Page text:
Homelessness as a social problem will be explained by using the social pathology model. Homelessness Australia (2013) studied 25% of homelessness are caused by domestic abuse and is the highest cause. Hence this is the sample that will be used to demonstrate that dysfunction in one or more institutions causes homelessness for some.
Domestic abuse is an indication of a dysfunctional family institution which means the roles of the family members are not being fulfilled, for instance, females have an important role of caregivers where males have the role of defender/ guardian in the family institution.
Due to a family member not doing their part within the institution, the institution falls apart and becomes dysfunctional and will probably experience a breakdown. This break down leads to the abused party living in a risky arrangement that is like-minded with Chamberlain and Mackenzie’s (1992) definition of homelessness under the sections that there is no promise of how long the abused party can stay and that they may be living in temporary accommodations in the worst case scenario wherein the abuser has alienated the abused party from their support networks, the abused party may live on the streets or enter an emergency shelter.
The domestic abuse is an indication of dysfunctions in the educational institutions within the manifest function of educating children and the latent function of children learning how to interact in a socially acceptable manner.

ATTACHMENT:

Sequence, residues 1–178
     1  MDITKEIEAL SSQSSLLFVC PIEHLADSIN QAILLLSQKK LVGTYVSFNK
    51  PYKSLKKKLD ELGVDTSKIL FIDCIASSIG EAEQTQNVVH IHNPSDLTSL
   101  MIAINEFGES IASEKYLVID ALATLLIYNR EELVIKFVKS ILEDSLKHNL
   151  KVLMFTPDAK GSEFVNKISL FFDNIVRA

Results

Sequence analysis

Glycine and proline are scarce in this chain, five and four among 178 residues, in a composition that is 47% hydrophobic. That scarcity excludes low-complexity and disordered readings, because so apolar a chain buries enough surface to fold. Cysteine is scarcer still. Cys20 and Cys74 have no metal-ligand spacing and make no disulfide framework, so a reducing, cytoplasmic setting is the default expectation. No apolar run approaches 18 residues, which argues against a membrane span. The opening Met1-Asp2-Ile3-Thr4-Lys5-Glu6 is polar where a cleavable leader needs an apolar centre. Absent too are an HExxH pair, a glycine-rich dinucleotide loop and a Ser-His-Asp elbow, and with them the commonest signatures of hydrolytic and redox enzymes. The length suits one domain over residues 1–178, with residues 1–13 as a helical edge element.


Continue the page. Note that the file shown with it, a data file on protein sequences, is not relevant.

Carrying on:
This can be associated to governmental dysfunction, in poor policymaking concerning what is comprised in the national education values and curricula, and the following disappointment of the educational institution to apply curricula that acts as a solid guiding hand for the students under that curriculum. All of this can also link to insufficient socialization throughout the childhood years, with a dysfunctional family institution which the child sees as “typical” that helps and leads the child to behave in a socially unacceptable manner while in the education institution, resulting in social isolation and exclusion.
As an outcome of this barring, the child will not gather and learn how to function as a productive member of society when their tenancy in the education institution has ended. They won’t be able to get or keep a job which leads them into a state of homelessness due to their incapability to make money thus causing them to rely on short-term places or live in the circumstances counter to Australian societal housing norms, such as taking up residence under a bridge or in an abandoned building.